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Commitment to minority students earns Carter National Black Engineer Award

Published Feb. 14, 2007

“It’s amazing to see the advancements by students.  Their self esteem can improve by somebody saying, ‘Hey, I care about you.  Why don’t you go to college?’ It gives me a great feeling when I can help a student achieve a responsible goal.” 

   Tony Carter knows the value of a good education.  The son of a sharecropper with only a seventh-grade education and a mother who was only able to finish the 10th grade, he gained an appreciation for hard work at an early age weeding cucumber patches from sunup to sundown.  His grandmother encouraged his education, giving him a quarter for every A on his report card. 

   “Once the desire to make A’s was instilled, the quarters didn’t weigh as much as the grades and I continued to strive for all A’s through high school,” he recalled. 

   With a solid foundation in his formative years, Carter headed to college and received a scholarship at North Carolina A&T University majoring in architectural engineering.  After graduation, he was offered five different jobs and in 1978 chose the U.S. Army Corps of Engineers.  Not forgetting his roots and passion for learning and helping others, he was encouraged by Wilmington District EEO counselors to recruit minority engineers.  Today, he heads ROCAME, the Region O Council for the Advancement of Minorities in Engineering.  His selfless service to the organization earned him the Black Engineer of the Year Award for Affirmative Action in Government.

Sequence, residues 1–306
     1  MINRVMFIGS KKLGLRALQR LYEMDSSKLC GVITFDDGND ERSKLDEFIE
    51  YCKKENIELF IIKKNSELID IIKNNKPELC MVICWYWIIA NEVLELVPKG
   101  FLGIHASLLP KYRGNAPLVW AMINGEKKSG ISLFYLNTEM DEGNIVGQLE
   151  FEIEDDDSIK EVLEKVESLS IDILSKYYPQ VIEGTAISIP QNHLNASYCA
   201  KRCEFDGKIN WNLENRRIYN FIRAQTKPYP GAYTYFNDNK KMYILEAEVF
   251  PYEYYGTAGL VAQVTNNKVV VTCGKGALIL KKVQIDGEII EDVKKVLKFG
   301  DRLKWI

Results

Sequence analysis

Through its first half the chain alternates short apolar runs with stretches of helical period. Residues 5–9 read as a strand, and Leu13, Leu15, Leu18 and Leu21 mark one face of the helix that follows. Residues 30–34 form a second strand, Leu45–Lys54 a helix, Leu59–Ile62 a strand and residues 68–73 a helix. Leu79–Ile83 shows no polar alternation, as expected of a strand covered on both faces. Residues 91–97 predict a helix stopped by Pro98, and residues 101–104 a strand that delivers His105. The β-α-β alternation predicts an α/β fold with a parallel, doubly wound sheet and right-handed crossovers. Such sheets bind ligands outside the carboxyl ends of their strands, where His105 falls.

“ROCAME is really taking off.  One of the major employers in Wilmington is hiring an engineer a day, and they anticipate hiring a few engineers a day next year,” he said.  “With that kind of activity in the private sector there’s a big push to get more engineers into schools and graduate them to fill jobs.  ROCAME is playing a great role in that by getting more kids interested in engineering and getting them into and graduating from college.”

   Carter said ROCAME members work with students who show an aptitude for science and math.  To get them into college they’ve organized scholarships and volunteer as mentors. 

   “But mainly we just want to introduce kids to the world of engineering and let them know that a lot of their world is based on engineering.  The kids who are interested in engineering are the ones that usually get hired first out of college.”

   Carter feels potential minority engineering students need a push from ROCAME as well as from leaders in their communities.  Growing up he didn’t have that luxury.  

   “I was fortunate to get things to fall into place without any guidance.  I can provide guidance.  There’s no telling what these students can do.  Students today, by the time they’re in middle school they’ve already been encouraged to go into fields like engineering.  And an engineer is very respected in the community.  As an engineer you can help better your world.  You can create things that make life better.”